patients may be unable to hold their breath for more than a few
•They may be unable to generate or sustain subglottal air pressure
sufficient to support speech.
Level Direct, acoustic, and physiologic observations
Reduced vital capacity
Termination of speech at larger than normal lung volumes
Larger than normal inspiratory & rib cage volumes
Abnormal chest wall movements*
Neck and glossopharyngeal breathing*
Vocal cord immobility/sluggishness
Incomplete glottal closure
Abnormal vocal cord frequency and amplitude perturbations
Increased airflow rate
Increased inspiratory volume*
Increased breaths per minute *
Reduced pause frequency & duration*
Reduced speech duration/syllables per breath group*
Reduced range & Variability of f0
High amplitude of f0 with reduced energy of harmonics
Reduced format intensity & definition
Increased high-frequency spectral energy (noise)
(including findings from studies of Velopharyngeal incompetence associated with cleft palate)
Reduced/absent palatal movement
Reduced/absent pharyngeal-wall movement
Increased nasal air flow
Decreased energy in f0
Increased frequency of f0
Reduced pitch range
Increased format bandwidth
Reduced overall intensity & intensity range
Reduced Sustained lingual force
•Spastic dysarthria is a perceptually distinguishable motor speech disorder
produced by damage to the direct and indirect activation pathways of the
central nervous system (CNS), bilaterally.
•It may manifest in any or all of the respiratory, phonatory, resonatory,
and articulatory components of speech, but it is generally not confined to a
•Its characteristics reflect the combined effects of weakness and
spasticity in a manner that slows movement and reduces its range and
• Excessive muscle tone (spasticity) seems to be an important contributor
to the distinguishing features of the disorder, hence its designation as
• The correct identification of spastic dysarthria can aid the diagnosis of
neurologic disease and may help localize the sites of the lesions to the CNS
The clinical features of spastic dysarthria reflect the
effects of excessive muscle tone and weakness on speech.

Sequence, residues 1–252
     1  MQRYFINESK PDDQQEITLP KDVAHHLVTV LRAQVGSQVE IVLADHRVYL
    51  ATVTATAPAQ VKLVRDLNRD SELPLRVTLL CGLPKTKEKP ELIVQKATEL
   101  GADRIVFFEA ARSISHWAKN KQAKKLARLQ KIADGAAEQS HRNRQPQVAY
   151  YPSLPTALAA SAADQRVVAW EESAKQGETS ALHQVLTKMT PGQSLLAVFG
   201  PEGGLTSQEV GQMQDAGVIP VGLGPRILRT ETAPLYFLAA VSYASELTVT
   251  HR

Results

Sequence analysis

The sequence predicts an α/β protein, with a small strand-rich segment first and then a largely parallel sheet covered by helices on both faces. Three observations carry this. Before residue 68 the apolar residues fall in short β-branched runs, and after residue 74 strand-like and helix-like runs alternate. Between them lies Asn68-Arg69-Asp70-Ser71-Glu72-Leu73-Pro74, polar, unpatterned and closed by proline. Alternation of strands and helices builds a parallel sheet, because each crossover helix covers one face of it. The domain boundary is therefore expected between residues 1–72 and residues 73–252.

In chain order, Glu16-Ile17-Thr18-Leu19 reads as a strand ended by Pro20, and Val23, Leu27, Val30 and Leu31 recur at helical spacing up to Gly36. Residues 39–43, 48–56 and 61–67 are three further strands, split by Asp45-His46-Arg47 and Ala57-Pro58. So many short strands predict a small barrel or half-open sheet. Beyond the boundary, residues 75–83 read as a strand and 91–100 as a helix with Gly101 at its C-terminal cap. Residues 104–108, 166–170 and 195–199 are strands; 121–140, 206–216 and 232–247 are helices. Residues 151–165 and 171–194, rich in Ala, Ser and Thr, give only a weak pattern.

Flaccid dysarthria: weakness alone
Spastic dysarthria: effects of excessive muscle tone and
Direction Rhythm Rate Range Force Tone
Normal Regular Slow Slow Reduced
Reduced biased Reduced Excessive
Neuromuscular deficits associated with spastic dysarthria.
Speech component Acoustic or physiologic observation
Respiratory (or respiratory/laryngeal)
(based on studies of spastic cerebral palsy)
Inhalatory & exhalatory volumes (shallow breathing)
Rate of amplitude variations
Poor visuomotor tracking with respiratory movements
Vocal cord abduction during respiration Fundamental frequency variability Hyperadduction of true & false cords
during speech Poor visuomotor tracking with pitch variations.
Velopharyngeal Increased pharyngeal constriction
Slow, sluggish Velopharyngeal movement Incomplete Velopharyngeal closure.
Completeness if articulatory contacts
Completeness of consonant clusters
Speed and range of tongue movement
Range of jaw movement
Acceleration & deceleration of articulators
Articulatory effort for final word stress
Frequency & intensity increases for initial word stress
SPL contrasts in consonants
Voice-onset-time for stops
Amplitude of release bursts for stops
Overall speech rate
Syllable & word durations
Duration of nonphonated intervals
Spirantization during stops
Slow phoneme-to-phoneme transitions
Centralization of vowel formants
Voicing of voiceless stops
•Ataxic Dysarthria is a perceptually distinguishable motor speech
disorder associated with damage to the cerebellar control circuit.
•It may be manifest in any or all the respiratory, phonatory,
resonatory, and articulatory levels of speech, but its characteristics
are most evident in articulation and prosody.
• Its speech characteristics reflect the effects of incoordination and
reduced muscle tone on speech, the products of which are slowness and
inaccuracy in the force, range, timing, and direction of speech
•Ataxia is an important contributor to the speech deficits of patients
with cerebellar disease, hence the disorder's designation as ataxic
•The identification of ataxic dysarthria can aid the diagnosis of
neurologic disease and may assist lesion localization because its
presence is so strongly associated with cerebellar dysfunction.
Common clinical signs of cerebellar disease:
Midline zone (vermis, flocculonodular lobe, fastigial nuclei)
Disordered stance and gait
Rotated or tilted head postures
Ocular motor abnormalities
Lateral hemispheric zone (hemispheres, dentate, and interposed nuclei)
Ocular motor abnormalities
Nonspeech oral mechanism:
•The oral mechanism is often normal.
•That is, the size, strength and symmetry of the jaw, face, tongue, and
palate may be normal at rest, during emotional expression, and during
•The gag reflex is usually normal and pathologic oral reflexes are generally
•Drooling is uncommon and the reflexive swallow is usually normal on casual
•Non speech AMRs of the jaw, lips, and tongue may be irregular.
• This is usually most apparent on lateral wiggling of the tongue or
retraction and pursing of the lips; judgements that nonspeech AMRs are